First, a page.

dir: Christopher Nolan
We don't really have 'event' movies anymore. No movie, because of the sheer quantity of flicks that come out, and the quantity of other potential things a person can do (and might prefer to do) instead of going to the theatre, can come out and dominate the landscape like it could in the past.
The days of something completely massive in its level of public interest, a flick that gets everyone to watch it and everyone to talk about it, are pretty much gone. The last such flick, one that almost everyone worldwide went to see at the cinema, everyone talked about whether they saw it or not, and everyone just knew of its very existence was Titanic.
It’s why Titanic is the all time box office champion, and will continue to be until something magically compels people to go back to the theatres instead of watching flicks on their home theatre set-ups, computer screens or handheld devices.
What’s really lost is the uniting effect or power that movies can have. Everyone saw and had an opinion on Star Wars. Everyone knows the theme from Jaws. Everyone, down to your immigrant, non-English speaking parents, your one-eyed, one-legged beggars and three-breasted midget hookers recognised the awful Celine Dion theme from Titanic, and learned what happens when an irresistible force (a giant iceberg) meets an immovable object (audiences consisting mostly of teenage girls and middle-aged women happy to pay 12 times to see the same 3 hours-plus flick).
So when a perfect storm of factors, coincidences, marketing seem to coalesce to make a film look like one of those major Events Of The Year, something that people’s great-great-grandkids will be talking about like it’s the Wright Brothers taking their first flight all over again, it really doesn’t amount to that much down the track. No flick, whether it’s The Dark Knight or Kung Fu Panda, really matters that much anymore. Because, ultimately, it’s one of millions of such products, which will be on DVD in a couple of months, and five more films will be released the following week to help you forget you ever saw it, even if it was pretty good.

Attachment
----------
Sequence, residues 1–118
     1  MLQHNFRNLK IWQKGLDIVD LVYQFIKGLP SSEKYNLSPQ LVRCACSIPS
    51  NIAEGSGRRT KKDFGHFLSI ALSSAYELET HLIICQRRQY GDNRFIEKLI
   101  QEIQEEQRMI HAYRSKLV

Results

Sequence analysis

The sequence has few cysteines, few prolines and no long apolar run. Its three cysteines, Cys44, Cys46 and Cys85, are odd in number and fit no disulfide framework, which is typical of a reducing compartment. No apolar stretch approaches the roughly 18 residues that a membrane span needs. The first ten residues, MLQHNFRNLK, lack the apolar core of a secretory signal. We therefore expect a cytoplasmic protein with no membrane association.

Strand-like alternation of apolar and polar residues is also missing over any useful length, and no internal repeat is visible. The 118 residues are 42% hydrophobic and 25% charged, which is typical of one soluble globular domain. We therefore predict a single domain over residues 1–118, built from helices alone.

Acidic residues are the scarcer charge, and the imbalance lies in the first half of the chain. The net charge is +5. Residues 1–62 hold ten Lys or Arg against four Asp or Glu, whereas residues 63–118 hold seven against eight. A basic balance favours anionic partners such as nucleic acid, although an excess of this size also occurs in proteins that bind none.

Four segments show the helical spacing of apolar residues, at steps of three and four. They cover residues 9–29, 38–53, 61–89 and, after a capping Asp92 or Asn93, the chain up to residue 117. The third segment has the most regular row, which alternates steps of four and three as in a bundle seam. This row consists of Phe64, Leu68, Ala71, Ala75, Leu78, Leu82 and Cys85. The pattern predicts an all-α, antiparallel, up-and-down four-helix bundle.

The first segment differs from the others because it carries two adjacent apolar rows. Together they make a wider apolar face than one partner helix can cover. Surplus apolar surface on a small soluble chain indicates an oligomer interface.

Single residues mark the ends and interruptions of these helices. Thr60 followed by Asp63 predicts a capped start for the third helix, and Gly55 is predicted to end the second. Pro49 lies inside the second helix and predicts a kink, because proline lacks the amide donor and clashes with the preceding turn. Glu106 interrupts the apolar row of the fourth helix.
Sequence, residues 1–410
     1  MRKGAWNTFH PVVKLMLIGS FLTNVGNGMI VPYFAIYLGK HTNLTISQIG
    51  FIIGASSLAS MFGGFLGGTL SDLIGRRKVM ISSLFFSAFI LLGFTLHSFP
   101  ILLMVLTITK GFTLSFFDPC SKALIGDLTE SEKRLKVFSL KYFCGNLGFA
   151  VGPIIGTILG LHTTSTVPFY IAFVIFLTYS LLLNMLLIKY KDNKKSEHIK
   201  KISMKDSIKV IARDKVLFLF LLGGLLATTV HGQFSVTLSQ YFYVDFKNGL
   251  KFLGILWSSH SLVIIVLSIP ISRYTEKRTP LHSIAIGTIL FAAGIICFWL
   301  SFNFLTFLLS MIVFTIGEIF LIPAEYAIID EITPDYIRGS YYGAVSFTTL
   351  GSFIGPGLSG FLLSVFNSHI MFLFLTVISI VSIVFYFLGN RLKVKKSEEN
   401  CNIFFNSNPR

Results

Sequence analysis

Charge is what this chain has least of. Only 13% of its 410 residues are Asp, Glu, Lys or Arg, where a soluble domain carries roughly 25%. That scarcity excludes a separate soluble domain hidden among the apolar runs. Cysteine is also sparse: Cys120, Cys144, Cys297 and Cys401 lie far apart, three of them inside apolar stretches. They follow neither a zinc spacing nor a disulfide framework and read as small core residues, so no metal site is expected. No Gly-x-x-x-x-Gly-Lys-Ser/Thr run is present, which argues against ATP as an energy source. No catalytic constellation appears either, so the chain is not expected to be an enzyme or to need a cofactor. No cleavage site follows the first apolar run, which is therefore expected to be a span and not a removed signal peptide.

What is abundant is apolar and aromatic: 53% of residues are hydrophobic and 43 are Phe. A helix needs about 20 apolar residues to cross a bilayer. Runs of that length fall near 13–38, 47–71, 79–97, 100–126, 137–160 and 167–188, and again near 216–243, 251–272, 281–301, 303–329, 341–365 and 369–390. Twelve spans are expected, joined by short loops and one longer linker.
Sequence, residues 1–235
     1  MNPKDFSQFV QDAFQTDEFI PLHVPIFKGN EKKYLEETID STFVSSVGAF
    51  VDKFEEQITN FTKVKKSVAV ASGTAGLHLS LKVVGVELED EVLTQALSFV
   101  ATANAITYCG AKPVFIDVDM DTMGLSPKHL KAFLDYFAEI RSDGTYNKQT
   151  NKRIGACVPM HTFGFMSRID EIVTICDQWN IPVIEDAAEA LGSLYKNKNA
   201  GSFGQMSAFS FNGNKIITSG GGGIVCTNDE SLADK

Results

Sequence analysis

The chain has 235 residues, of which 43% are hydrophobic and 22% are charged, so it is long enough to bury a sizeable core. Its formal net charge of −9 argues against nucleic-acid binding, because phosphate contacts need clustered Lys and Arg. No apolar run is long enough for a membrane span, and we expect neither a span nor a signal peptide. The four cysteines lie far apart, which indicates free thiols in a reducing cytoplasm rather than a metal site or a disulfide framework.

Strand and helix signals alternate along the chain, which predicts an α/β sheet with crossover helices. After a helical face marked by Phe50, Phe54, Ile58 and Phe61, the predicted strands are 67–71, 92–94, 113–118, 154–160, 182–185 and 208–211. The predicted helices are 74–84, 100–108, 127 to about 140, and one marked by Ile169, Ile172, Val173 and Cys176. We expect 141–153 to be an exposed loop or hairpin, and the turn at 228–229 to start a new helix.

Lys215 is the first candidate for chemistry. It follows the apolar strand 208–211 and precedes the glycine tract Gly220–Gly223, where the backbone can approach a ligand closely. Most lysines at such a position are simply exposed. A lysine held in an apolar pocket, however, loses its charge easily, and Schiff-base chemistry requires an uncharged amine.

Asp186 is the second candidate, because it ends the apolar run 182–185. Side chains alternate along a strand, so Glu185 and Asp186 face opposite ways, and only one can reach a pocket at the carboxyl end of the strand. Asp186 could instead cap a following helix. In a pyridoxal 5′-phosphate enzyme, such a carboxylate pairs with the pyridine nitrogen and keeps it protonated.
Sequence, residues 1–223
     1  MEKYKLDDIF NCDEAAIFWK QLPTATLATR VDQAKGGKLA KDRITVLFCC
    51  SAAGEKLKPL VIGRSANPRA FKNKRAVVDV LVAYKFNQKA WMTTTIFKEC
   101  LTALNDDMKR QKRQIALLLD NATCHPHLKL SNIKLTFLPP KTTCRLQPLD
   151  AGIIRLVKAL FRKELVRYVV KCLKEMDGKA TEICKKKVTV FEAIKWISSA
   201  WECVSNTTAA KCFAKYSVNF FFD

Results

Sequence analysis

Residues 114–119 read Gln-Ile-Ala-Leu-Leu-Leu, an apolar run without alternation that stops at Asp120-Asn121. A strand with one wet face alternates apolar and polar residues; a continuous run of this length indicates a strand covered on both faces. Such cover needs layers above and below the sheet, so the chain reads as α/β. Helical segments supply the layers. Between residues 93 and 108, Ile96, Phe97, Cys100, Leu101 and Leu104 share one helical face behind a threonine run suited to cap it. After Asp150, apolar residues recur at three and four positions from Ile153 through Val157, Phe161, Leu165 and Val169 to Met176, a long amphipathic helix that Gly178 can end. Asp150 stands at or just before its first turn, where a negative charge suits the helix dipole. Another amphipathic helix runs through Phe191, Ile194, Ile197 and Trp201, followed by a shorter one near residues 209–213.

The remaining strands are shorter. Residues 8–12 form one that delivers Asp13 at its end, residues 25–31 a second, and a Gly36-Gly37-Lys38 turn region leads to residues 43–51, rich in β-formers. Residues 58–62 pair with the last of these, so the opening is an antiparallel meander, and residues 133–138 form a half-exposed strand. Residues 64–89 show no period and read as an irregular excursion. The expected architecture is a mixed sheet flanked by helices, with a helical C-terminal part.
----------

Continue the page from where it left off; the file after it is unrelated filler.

dir: David Wain
I really do wonder how some flicks get made. This isn’t a bad flick, but when I think about the performances, the plot and its success, I wonder who thought it was a good idea in the first place.
For a flick without a single likable character in it, it does manage to generate several laughs, at least several more laughs than another recent comedy that inflicted itself upon our eyeballs called Observe and Report. The difference is that this flick is nowhere near as vile, and does have some pretty funny moments. Not many, but enough.
This one, unfortunately, has Seann William Scott in a lead role, and that never helps anybody. As I’ve said in other reviews, I think it’s great that retarded people not be excluded from working in Hollywood, and that Scott continuing to get work gives hope to all the other Downs Syndrome sufferers out there. But good God is he dumb. Even knowing that he’s supposed to be dumb doesn’t change the fact that he consistently gives the impression that he’s only a few seconds away from crapping his own pants.
Paul Rudd is a bit better, but he’s really only playing a minor variation on most of the characters he ever plays. Actually, scratch that, he remains unchanged from movie to movie. The difference is that I actually find him likable even if his characters are obnoxious.
dir: Steve McQueen
When I heard that there was this apparently really cool film that was going to come out, and that it was directed by Steve McQueen, my first question was: “Isn’t he dead?” My next question was “How much wood would a woodchuck chuck if a woodchuck had nothing better to do with its fucking time?”
The answers to both questions, surprisingly enough, are “Yes” and “Not much.” Steve McQueen is some artist, not the classic actor from Great Escape, The Getaway and Bullit. The car did most of the acting in Bullit, I admit, but no, McQueen is some other guy which doesn’t mean that the original McQueen is doing a Tupac Shakur from beyond the grave, releasing stuff despite the minor inconvenience of being dead.